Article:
Interesting article, Ann and really great news about the "return to quality" revolution. I am really not surprised at the increasing roles that design engineers are playing in selecting materials. From my past experience, most companies utilize engineering talent wherever it is found, when there is a need to be met. As a test engineer I was on occasion software programmer, hardware designer, product/parts purchaser, fixture designer, software trainer, webmaster, and technical writer...but I also had other engineers to consult with when I was treading in unfamiliar territory.
I think for a design engineer to be able to have a hand in materials selection is a wonderful thing. They have true ownership and experience to back their choices - any engineer that I am acquainted with is multi-disciplined by nature. But I also agree with Dave that their expertise will be limited. The design engineer teamed up with a materials engineer would be the ideal.
Dave, thanks for your input. I was surprised to find out how many design engineers listed materials engineering or manufacturing engineering as a second job function that they were clearly not formally trained in, as well as how many are responsible for determining/deciding on materials.
I am a materials engineer for an outboard engine manufacturer. Sometimes people ask me what part of the engine I'm responsible for. I tell them, "Everything that's made out of anything."
Materials selection is an important task, because everything has to be made out of something. You only need to take a glance at the Made by Monkeys and Sherlock Ohms blogs to see the consequences of making something out of the wrong material.
As Ann's article points out, there are a huge number of considerations that have to be weighed when selecting the proper material for an application. Some companies expect design engineers to be able to take care of materials selection on their own. In my experience, this is both unrealistic and inefficient.
Expecting each individual design engineer to accumulate enough materials knowledge to handle any given situation (in addition to the mechanical, electrical, thermal, CAD, and CAE knowlege they need) is unreasonable. With the exception of a few rare geniuses, most people are simply not capable of being experts in all of these disciplines. Besides, there is simply not enough time in a 24-hour day. Having one or more degreed and experienced materials engineers, preferably with a well-equipped materials lab, is far more efficient.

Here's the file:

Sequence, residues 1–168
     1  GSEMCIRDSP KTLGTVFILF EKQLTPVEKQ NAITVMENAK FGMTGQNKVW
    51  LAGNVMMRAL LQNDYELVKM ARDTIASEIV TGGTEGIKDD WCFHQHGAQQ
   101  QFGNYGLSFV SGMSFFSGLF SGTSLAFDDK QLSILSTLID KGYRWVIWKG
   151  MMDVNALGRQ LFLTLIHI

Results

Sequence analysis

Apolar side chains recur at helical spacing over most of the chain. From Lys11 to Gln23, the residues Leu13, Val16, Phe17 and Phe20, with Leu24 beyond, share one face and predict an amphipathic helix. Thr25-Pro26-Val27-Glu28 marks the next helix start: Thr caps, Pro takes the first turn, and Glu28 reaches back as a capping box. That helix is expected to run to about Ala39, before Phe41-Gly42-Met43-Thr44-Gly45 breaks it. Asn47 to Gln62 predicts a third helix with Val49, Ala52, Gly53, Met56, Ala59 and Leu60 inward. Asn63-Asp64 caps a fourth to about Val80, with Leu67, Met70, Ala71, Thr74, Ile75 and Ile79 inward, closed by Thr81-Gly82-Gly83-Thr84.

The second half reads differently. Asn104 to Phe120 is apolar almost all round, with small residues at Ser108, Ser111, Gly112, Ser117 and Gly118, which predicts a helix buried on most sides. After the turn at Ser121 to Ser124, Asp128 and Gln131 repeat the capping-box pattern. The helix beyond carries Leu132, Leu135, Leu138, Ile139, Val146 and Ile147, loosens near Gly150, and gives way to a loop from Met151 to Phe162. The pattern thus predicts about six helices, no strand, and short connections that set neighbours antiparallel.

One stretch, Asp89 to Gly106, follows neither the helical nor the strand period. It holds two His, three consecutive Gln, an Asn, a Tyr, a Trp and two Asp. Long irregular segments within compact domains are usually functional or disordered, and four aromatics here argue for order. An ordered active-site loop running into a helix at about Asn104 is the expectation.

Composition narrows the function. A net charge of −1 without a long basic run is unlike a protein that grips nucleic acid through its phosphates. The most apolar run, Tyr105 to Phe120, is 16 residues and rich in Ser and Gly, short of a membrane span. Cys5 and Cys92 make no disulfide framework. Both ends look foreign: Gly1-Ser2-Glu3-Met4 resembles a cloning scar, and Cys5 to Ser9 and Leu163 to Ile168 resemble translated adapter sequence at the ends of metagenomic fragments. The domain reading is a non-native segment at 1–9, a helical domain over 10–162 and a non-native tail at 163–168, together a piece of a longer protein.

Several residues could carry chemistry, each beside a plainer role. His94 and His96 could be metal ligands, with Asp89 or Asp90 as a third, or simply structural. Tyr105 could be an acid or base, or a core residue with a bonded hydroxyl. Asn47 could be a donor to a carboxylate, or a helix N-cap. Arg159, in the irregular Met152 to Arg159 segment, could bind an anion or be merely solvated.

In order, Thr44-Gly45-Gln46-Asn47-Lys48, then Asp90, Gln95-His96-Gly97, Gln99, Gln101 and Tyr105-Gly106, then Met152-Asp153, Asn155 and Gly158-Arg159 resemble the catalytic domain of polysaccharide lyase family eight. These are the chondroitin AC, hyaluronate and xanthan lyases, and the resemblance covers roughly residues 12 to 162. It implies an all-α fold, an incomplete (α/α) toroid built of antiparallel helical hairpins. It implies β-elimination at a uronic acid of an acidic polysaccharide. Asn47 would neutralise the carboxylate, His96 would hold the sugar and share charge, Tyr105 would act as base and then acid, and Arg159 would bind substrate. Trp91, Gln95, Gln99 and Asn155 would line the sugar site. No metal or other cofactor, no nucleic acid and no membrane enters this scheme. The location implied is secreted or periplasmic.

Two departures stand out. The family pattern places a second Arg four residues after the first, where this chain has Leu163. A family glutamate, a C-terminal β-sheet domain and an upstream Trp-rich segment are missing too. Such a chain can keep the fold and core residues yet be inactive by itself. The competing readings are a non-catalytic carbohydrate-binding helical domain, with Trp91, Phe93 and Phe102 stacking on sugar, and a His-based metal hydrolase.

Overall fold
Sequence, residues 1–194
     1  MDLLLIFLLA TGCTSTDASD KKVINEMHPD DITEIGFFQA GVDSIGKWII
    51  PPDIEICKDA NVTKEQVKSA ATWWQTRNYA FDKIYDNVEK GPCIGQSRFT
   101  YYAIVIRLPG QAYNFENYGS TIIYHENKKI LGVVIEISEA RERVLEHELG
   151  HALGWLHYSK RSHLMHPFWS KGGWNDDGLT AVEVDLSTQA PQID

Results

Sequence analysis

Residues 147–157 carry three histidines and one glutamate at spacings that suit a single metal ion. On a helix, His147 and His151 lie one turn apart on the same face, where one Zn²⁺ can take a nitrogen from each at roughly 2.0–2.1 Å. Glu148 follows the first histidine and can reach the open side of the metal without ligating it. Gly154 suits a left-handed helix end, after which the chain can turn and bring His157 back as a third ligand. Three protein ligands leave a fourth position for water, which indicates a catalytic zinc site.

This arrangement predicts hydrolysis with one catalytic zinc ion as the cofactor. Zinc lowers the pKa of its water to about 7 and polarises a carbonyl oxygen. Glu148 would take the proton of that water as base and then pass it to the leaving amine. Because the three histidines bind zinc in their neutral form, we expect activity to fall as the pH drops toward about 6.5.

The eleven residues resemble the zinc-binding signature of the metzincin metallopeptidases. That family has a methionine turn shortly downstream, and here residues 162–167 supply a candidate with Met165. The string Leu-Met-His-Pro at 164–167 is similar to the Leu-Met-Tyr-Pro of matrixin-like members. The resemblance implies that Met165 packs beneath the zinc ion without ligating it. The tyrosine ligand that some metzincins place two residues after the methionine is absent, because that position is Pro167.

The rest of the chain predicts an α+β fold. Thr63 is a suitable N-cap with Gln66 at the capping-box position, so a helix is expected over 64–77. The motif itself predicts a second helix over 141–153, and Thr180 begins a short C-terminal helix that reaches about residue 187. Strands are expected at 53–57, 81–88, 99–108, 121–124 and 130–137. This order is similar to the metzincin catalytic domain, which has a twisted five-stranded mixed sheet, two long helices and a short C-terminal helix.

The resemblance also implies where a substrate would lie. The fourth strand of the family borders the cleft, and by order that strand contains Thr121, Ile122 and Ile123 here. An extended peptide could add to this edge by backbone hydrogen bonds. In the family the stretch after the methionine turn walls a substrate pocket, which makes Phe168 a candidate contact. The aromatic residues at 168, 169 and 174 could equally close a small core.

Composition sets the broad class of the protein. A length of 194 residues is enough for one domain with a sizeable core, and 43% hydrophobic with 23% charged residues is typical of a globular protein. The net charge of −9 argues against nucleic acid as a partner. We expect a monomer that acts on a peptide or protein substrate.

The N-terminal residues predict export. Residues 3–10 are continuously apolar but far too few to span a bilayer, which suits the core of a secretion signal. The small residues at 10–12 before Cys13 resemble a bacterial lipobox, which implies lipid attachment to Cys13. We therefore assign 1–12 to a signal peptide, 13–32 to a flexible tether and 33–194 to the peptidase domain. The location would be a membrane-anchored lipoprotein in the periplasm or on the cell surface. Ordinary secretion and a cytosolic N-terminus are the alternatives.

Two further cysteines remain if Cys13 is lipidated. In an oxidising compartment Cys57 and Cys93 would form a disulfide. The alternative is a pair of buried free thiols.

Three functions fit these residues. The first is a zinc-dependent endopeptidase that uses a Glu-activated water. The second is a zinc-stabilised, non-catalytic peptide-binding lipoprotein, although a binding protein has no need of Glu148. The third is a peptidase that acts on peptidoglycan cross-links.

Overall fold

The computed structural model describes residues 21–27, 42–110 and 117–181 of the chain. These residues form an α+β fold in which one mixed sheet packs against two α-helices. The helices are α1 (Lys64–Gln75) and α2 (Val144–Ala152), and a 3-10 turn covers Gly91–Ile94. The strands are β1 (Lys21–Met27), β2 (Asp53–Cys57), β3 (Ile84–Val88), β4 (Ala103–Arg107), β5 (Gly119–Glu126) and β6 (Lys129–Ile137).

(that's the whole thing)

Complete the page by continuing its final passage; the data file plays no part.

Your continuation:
For companies that can't afford this, seeking out a materials engineering consultant may be a good investment. The cost of doing so may be far less than the cost of making something out of the wrong material.
Very interesting survey results, Ann. With the renewed focus on manufacturing excellence and quality, it makes sense that engineers can no longer make decisions in silos. Also, today's competitive products don't just demand the least expensive materials, but the most efficient and cost effective materials. There's definitely a difference.
Based on the sentiments that the survey bore out, it's heartening to see the design tool vendors keeping up, offering capabilities that can help leverage simulation as a means of exploring optimal materials choices as well as serving up tighter integration with manufacturing and sourcing systems as part of breaking down silos.
Robots that walk have come a long way from simple barebones walking machines or pairs of legs without an upper body and head. Much of the research these days focuses on making more humanoid robots. But they are not all created equal.
The IEEE Computer Society has named the top 10 trends for 2014. You can expect the convergence of cloud computing and mobile devices, advances in health care data and devices, as well as privacy issues in social media to make the headlines. And 3D printing came out of nowhere to make a big splash.
For industrial control applications, or even a simple assembly line, that machine can go almost 24/7 without a break. But what happens when the task is a little more complex? That’s where the “smart” machine would come in. The smart machine is one that has some simple (or complex in some cases) processing capability to be able to adapt to changing conditions. Such machines are suited for a host of applications, including automotive, aerospace, defense, medical, computers and electronics, telecommunications, consumer goods, and so on. This discussion will examine what’s possible with smart machines, and what tradeoffs need to be made to implement such a solution.